Oranges is a coming-of-age story about a lesbian girl who grows up in a small-town English Pentecostal community. She is brought up by an overly religious God-fearing mother. Jeanette is convinced her destiny is to become a missionary, but then one day she falls for another girl. While Jeanette is coming to terms with her preference for her own sex, she and her partner are found out and subjected to exorcisms by the religious community. In spite of being subjected to public humiliation, considered possessed, and being treated like an outcast she grows up to define her relationship with God on her own terms.
Whether this is autobiographical to any degree or just a literary device Oranges is tragic, comic, and clever. Winterson examines themes like organized religion, difficult family relationships, same-sex relationships, and the transition from youth to adulthood.
The book is divided into 8 chapters each named after the first eight books in the Old Testament and includes references from the corresponding Biblical books. The final chapter corresponds to the book of Ruth. This is clever because the lesson in Ruth is that humans naturally find love and family connections wherever they are, irrespective of ethnicity and faith. The main plot is clear and interspersed with short stories that seem inspired by Fairy Tales and Biblical stories.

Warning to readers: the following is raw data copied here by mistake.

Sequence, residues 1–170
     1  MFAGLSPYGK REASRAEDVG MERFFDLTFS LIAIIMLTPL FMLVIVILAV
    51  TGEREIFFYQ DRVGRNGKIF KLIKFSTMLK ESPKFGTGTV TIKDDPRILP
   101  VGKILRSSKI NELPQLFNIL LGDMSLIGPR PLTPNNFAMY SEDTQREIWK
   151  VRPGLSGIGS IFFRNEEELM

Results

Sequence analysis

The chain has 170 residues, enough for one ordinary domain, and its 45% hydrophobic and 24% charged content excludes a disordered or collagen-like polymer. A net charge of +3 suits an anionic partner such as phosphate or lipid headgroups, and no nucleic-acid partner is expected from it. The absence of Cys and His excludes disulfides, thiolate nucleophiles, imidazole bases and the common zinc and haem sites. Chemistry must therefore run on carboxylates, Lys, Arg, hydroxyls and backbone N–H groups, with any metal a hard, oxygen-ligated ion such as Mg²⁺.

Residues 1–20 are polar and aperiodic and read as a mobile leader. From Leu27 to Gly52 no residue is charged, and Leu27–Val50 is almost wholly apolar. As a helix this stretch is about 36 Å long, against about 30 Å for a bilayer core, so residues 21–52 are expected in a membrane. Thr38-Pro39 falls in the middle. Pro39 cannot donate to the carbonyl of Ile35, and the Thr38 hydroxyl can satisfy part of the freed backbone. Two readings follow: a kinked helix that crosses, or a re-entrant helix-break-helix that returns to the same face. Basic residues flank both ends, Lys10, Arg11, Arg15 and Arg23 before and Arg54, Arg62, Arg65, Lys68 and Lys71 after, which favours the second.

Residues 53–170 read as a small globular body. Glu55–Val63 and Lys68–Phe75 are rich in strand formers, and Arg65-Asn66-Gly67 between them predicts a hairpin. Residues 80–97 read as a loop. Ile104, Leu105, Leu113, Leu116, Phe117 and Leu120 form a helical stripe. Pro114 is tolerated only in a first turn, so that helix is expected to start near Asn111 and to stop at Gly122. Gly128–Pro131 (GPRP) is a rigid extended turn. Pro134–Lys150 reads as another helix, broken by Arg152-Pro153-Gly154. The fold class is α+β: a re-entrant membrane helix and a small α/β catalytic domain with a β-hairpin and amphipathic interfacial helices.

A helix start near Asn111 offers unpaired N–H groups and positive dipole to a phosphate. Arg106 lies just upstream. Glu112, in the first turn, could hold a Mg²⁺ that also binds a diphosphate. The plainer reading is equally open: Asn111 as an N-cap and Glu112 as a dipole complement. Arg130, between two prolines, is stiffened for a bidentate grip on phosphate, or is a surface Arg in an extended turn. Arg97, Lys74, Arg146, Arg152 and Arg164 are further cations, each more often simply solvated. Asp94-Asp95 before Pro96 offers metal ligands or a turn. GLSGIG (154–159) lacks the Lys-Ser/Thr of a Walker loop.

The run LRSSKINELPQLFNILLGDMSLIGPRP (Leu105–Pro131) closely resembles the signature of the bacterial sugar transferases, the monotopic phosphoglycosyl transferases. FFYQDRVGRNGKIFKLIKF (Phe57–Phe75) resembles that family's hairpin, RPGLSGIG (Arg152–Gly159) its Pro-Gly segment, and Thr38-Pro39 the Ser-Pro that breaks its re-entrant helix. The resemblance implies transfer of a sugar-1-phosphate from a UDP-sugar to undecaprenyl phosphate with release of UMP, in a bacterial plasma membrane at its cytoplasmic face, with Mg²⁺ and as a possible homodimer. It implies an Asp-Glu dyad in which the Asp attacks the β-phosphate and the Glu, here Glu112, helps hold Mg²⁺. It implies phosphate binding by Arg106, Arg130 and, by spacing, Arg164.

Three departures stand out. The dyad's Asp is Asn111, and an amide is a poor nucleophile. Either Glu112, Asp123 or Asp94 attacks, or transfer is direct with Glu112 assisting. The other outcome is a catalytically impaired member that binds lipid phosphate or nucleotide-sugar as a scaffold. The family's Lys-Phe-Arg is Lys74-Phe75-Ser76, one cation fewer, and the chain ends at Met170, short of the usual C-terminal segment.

It was a quirky heartfelt story that I breezed through in two days.
🕵 How I Discovered It
I came to Winterson to read 12 bytes. But I ended up picking up Oranges.
✍️ My Favorite Quotes
“Everyone thinks their own situation most tragic. I am no exception.”
“When my mother heard about this, she was furious, and crossed Nellie off her prayer list. My dad put her on his instead, so she didn’t miss out.”
“I knew my mother hoped I would blame myself, but I didn’t. I knew now where the blame lay. If there’s such a thing as spiritual adultery, my mother was a whore.”
“Going back after a long time will make you mad, because the people you left behind do not like to think of you changed, will treat you as they always did, accuse you of being indifferent, when you are only different.”
“It’s a visitor’s privilege to be foolish.”
“I miss God. I miss the company of someone utterly loyal.”
“The unknownness of my needs frightens me. I do not know how huge they are, or how high they are, I only know that they are not being met.”
“By betrayal, I mean promising to be on your side, then being on somebody else’s.”
“I seemed to have run in a great circle, and met myself again on the starting line.”